NATPE Budapest: Attendance Up as Economic Uncertainty Remains in Focus
BUDAPEST -- The numbers were good, the weather was bad and the reactions to this year's NATPE Budapest were decidedly mixed.
157 exhibitors and more 400 buyers made the trip this week to the TV trade fair focused on Central and Eastern Europe, up slightly from 2012, but economic uncertainty in the region and a rapidly changing marketplace mean the future of the business here remains cloudy.
“You don't feel the economic downturn in Miami Beach as you do in this market,” said NATPE president and CEO Rod Perth. “But I hope that, like in the U.S., the market here is on the way back.”
The U.S. studios appear committed to the Eastern European event, which NATPE took over last year, and all the majors were represented with buyer screenings of their upcoming shows. But David Smyth, vp European sales for Twentieth Century Fox Television, admits that the region is still recovering from the economic crisis of 2008-2009.
“The economic situation has been quite severe. We saw double digit drops in advertising revenue in some territories,” Smyth said. “But things do seem to be stabilizing now ... [Buyers] are turning their thoughts to what they can achieve over the next two to three years, where previously [at the height of the crisis] it was all about 'let's see what happens this year.'”
High-end drama made in the U.S. continues to appeal to East European buyers and Smyth points to Fox's new NBC thriller Crisis, featuring Gillian Anderson, as well as action-adventure Sleepy Hollow, a modern-day retelling of the Washington Irving classic, produced for Fox stateside, as two of the best-received new series.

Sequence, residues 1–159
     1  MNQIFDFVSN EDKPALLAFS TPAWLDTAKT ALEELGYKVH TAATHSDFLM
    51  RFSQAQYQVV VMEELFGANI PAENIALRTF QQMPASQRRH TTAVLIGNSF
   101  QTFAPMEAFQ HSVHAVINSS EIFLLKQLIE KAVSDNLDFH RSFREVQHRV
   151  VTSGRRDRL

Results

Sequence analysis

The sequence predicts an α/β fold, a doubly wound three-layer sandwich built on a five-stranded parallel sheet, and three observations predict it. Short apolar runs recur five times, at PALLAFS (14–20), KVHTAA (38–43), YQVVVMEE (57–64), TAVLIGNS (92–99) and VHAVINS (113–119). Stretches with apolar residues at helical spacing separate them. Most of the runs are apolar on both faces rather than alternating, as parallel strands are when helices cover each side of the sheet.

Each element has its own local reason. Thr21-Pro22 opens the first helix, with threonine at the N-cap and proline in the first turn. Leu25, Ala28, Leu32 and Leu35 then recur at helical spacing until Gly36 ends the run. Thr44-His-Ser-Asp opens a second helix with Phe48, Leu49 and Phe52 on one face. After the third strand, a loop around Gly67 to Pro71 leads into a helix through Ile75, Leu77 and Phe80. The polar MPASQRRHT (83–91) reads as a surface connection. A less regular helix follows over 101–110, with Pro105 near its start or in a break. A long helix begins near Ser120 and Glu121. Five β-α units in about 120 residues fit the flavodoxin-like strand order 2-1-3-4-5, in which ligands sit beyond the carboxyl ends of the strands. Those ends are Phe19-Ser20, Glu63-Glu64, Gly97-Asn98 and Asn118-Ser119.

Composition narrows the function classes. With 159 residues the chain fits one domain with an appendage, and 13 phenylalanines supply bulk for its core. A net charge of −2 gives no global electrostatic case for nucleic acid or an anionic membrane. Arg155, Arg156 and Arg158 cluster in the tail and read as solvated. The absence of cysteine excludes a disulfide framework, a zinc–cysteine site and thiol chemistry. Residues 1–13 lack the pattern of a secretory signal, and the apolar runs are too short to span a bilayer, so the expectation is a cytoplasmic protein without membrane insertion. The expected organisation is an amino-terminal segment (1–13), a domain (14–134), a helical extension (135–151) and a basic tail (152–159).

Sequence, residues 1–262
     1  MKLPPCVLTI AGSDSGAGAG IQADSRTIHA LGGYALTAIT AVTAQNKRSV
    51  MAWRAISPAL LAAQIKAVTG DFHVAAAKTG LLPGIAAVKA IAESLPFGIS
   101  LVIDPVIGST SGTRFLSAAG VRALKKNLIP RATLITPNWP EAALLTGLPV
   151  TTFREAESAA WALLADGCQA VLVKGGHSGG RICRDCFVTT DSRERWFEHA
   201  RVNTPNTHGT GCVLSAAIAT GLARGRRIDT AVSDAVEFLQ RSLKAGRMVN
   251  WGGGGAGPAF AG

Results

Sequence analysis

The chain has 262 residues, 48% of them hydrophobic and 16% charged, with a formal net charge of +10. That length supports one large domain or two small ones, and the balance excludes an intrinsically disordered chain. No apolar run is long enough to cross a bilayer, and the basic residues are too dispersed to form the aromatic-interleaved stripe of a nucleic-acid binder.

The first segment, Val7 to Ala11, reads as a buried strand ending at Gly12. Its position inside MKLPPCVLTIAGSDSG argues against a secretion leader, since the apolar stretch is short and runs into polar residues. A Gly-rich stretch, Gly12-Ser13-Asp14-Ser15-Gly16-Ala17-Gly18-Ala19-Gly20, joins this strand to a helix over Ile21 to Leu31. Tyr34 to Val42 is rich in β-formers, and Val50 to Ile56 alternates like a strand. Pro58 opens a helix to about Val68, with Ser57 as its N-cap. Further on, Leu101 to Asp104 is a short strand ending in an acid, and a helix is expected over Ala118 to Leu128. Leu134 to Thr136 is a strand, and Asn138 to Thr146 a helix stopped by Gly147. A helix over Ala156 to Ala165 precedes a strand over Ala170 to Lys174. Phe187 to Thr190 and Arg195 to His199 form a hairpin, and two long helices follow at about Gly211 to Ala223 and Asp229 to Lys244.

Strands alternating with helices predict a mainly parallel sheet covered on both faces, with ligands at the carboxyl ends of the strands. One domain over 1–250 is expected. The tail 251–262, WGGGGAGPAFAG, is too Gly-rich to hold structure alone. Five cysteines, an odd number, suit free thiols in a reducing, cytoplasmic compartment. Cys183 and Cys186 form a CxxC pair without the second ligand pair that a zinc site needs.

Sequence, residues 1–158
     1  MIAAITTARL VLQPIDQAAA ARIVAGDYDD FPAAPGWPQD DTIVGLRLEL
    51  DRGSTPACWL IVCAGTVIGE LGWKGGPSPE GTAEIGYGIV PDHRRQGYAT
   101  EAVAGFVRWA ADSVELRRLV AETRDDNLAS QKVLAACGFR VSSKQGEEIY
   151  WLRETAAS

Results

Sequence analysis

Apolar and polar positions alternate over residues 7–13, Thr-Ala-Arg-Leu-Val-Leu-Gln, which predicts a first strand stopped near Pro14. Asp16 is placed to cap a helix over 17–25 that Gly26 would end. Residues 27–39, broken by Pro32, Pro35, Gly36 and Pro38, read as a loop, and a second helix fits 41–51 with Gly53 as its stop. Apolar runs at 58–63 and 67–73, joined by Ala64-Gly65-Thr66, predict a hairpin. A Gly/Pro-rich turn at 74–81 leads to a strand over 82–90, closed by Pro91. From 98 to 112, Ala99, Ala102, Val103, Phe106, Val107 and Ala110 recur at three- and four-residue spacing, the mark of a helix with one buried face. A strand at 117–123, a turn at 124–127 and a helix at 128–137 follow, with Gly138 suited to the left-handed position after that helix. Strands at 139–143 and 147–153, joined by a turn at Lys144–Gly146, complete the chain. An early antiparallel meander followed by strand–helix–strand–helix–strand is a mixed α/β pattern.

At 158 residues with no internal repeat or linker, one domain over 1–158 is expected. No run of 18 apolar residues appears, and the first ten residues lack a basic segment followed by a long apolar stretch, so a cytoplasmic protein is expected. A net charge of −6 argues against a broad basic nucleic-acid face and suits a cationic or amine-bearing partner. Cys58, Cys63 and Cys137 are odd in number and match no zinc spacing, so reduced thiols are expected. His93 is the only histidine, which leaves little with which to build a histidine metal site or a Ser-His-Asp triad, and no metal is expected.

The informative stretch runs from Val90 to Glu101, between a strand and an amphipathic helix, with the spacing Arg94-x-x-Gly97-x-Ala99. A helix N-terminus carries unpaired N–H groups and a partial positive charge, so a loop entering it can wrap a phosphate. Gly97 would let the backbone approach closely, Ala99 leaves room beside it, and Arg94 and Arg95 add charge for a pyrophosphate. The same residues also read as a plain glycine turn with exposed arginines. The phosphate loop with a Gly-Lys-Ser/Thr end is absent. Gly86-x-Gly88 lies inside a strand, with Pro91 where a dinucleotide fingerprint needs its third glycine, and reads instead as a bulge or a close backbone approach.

Barry Chamberlain, evp CBS Studios International, agrees that it is big-budgeted U.S. dramas that offer an edge over local production, which is otherwise on the upswing in the region. He points to the CBS sci-fi series Under the Dome, a production from Steven Spielberg's Amblin Television adapted from a Stephen King story, which CBS screened in Budapest, as the kind of top-end product drawing buyer interest.
Channel representatives, however, were mostly underwhelmed by this year's studio offerings, with many grumbling that there were few “sure things” among this season's new pilots.
“What we'd really love is another (closed-episodic drama) like The Mentalist,” said Filip Zunec, head of film and series at Croatian broadcaster RTL Televizija. “The more serial stories, with multi-episode story arcs, they don't work for us.”
And even with high-end drama, the studios are getting more local competition. Antony Root, evp original programming and production at HBO Europe, speaking at a breakfast session at NAPTE Budapest, pointed to several new local efforts, including the Polish period mini-series Burning Bush from Oscar-nominated director Agnieszka Holland, as the kind of top-drawer productions HBO is looking to do in the future. Turkish-made dramas, such as the epic period series Magnificent Century, boast budgets close to $1 million or more per episode and are delivering strong ratings in many territories in the region.
Another issue on everyone's mind at this year's NATPE Budapest was online distribution. VOD is still in its infancy in most territories in the region -- Netflix and Amazon's LoveFilm haven't yet arrived and most local players are tiny compared to their free-to-air equivalents. While nearly a third of attending buyers, according to a NATPE survey, said they were buying Internet rights, digital revenues are still a fraction of those in more mature markets. Change, everyone here agreed, is coming, but no one seemed certain what exactly that change will bring.
That uncertainty also hangs over NATPE Budapest. NATPE has invested heavily in this market, demonstrating its commitment to the region, but competition is fierce. Not only are there the huge European TV trade fairs in Cannes -- MipTV in the spring and MIPCOM in the fall -- but new markets seem to sprout up every few months.
“There are more markets than Apple iPhone apps,” quips Perth. While NATPE remains committed to Budapest, Perth says the company will “remain nimble” and continue to adjust to the demands of buyers and sellers.
“Everything is changing in this business, so it makes sense that the trade fair business, which has stayed much the same for 50 years, will have to change, too,” he said.